If multiple records existed in this study (maybe for follow-up clinic visits) for each subject, then Cox PH can be employed using time-dependent variables (such as multiple LDL or SBP values taken each visit), but logistic doesn't allow for such.

In short, logistic is more for prevalence modeling when the outcome is y/n, and there is no time involved. That is, was there e.g. recurrence (y/n) over the entire follow-up period? On the other hand, Cox PH regression is for time-to-event modeling and requires the time-to-event for each patient, and the failure status at the time of the event (e.g. time=200 days, failure=1), withdrawal from the study (e.g. time=50 days, failure=0 since you know they didn't fail when they withdrew), or last known clinic visit (e.g. time=200 days, failure=0) for subjects who never failed.

If you want to use incidence rates of disease (#new cases/person-years) for sub-populations in a study partitioned by categorical values, i.e., the "density method," then Poisson regression would be used for incidence modeling.

In clinical trials, however, it's commonly assumed that withdrawals are failures, so you assign failure=1 and time to the #days from consent up to the time they withdrew.

For longitudinal modeling with logistic regression, it's possible that generalized linear models (GLM) or generalized estimating equations (GEE) was used, in which a logistic "link" was employed with clustering on each subject ID. (There is not a Cox PH link function for GLM or GEE). GLM/GEE can accomodate a number of link functions such as linear(Gaussian), logistic, Poisson, and can simultaneously use in one model:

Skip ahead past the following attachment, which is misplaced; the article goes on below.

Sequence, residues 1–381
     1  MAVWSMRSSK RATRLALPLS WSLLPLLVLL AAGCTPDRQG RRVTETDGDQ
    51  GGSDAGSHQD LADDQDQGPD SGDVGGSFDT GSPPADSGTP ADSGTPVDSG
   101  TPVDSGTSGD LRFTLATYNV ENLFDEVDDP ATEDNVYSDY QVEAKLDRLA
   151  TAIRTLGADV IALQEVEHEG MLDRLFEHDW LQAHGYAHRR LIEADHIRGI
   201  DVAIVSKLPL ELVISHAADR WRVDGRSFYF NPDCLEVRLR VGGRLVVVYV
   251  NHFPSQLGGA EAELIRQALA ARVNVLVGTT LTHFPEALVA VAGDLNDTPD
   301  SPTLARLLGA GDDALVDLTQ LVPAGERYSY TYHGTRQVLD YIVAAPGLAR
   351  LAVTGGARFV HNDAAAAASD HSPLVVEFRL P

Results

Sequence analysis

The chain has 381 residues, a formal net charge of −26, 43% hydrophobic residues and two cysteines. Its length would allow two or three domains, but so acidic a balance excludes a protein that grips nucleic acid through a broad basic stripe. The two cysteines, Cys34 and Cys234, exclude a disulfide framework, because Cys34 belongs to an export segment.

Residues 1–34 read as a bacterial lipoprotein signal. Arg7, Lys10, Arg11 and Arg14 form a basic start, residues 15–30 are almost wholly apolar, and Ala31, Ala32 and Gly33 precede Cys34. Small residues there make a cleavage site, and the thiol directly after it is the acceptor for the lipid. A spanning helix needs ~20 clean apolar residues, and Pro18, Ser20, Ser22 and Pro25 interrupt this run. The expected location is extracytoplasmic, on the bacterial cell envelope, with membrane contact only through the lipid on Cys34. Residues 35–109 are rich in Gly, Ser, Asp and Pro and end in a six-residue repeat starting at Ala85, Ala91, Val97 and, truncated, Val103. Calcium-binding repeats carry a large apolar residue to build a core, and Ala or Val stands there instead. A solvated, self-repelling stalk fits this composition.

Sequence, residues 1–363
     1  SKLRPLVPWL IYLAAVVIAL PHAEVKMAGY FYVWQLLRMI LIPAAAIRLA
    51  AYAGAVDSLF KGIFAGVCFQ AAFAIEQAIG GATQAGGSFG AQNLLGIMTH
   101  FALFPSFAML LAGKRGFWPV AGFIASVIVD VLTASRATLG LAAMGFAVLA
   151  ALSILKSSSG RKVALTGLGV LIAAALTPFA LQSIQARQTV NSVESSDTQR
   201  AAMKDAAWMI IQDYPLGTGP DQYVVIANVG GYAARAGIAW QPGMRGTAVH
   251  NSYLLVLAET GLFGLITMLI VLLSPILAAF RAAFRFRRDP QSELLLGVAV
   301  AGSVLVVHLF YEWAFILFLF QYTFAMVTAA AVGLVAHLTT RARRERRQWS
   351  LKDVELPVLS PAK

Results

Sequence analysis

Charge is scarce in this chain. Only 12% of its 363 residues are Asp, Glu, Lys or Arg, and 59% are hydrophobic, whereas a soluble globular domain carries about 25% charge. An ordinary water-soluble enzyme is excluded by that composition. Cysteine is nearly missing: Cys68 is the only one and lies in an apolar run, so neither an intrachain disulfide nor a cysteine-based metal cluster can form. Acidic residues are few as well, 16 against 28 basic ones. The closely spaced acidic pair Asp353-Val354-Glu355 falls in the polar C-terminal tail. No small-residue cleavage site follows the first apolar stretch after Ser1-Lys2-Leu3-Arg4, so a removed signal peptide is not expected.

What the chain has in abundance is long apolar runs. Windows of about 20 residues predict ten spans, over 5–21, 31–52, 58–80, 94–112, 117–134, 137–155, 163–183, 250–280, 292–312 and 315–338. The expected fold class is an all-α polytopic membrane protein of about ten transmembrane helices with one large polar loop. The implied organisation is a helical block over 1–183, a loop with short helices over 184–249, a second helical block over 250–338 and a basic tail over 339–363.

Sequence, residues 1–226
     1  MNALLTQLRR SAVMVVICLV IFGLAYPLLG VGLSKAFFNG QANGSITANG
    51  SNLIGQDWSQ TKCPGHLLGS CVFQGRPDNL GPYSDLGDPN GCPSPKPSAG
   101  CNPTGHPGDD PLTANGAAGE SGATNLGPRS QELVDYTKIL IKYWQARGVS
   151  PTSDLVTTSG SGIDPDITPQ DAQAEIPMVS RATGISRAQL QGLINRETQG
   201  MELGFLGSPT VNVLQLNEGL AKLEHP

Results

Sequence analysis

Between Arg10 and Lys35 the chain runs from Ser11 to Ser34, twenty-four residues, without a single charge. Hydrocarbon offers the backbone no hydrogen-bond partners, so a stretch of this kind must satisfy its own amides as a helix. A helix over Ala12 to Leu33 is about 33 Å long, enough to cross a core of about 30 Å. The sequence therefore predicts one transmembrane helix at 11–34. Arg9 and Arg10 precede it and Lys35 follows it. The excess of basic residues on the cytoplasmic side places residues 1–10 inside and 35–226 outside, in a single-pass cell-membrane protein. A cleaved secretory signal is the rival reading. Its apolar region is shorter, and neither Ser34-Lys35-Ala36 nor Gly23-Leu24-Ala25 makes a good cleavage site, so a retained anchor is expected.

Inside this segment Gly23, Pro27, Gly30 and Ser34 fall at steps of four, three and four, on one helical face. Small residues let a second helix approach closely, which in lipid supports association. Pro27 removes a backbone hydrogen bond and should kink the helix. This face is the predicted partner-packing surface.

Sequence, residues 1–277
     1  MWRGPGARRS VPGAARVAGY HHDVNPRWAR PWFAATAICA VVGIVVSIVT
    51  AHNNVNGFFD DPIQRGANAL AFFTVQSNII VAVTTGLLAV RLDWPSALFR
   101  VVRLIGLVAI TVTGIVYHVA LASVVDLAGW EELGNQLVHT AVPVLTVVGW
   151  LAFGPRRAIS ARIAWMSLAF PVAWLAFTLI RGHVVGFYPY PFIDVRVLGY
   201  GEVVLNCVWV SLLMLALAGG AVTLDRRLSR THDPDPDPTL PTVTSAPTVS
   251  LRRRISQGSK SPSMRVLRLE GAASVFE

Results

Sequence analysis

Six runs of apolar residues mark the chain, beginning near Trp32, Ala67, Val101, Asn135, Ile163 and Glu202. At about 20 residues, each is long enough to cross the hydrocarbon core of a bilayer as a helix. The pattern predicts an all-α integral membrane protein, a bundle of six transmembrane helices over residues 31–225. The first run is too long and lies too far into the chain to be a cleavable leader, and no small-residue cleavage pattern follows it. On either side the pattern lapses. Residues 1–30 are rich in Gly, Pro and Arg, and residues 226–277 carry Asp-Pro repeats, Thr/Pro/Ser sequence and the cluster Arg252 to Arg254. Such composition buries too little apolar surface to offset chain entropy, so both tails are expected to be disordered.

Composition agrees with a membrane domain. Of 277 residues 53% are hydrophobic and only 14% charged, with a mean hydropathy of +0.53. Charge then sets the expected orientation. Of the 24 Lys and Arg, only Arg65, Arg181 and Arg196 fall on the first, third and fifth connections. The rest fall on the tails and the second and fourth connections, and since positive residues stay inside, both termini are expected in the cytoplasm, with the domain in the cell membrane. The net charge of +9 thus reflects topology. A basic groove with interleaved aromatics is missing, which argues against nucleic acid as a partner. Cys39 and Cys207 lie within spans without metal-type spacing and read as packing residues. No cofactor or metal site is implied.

• outcome variable (linear link): repeated measurement outcome (LDL at each clinic visit)
• baseline predictors: female(0,1), DM(0,1), history of stroke(0,1), history of CKD(0,1).
• time-dependent predictors: SBP, glucose, etc. during each clinic visit
• treatment predictor: treatment(0-placebo, 1-drug)
• time predictor: time (#days up to each clinic visit)
• time-treatment interaction: time(e.g. days) $\times$ treatment(0,1)

This is called longitudinal modeling, or panel data modeling -- which is much more complex than what's taught in grad-level foundations or intermediate biostat courses. So their analysis is either what I described at first, or much more complex than considered for a beginners perspective. One last point about GLM/GEE, when time and treatment are in the model, the effect of treatment on the outcome has to be determined using the interaction between time and treatment, i.e., timetrt = time $\times$ treatment, which is a new variable that has to be generated by multiplying time by treatment (0,1). If LDL is the outcome, with repeated measurement values at each clinic visit, the regression coefficient for the interaction term timetrt, $\beta_{timetrt}$, and its p-value will reveal whether or not the slopes of the within-subject LDL values (i.e., outcome) were different between placebo and treated. In other words, when adjusting for baseline covariates, time-dependent covariates, a main effect of treatment, and a main effect of time, did the treatment result in significantly different slopes for LDL change over time?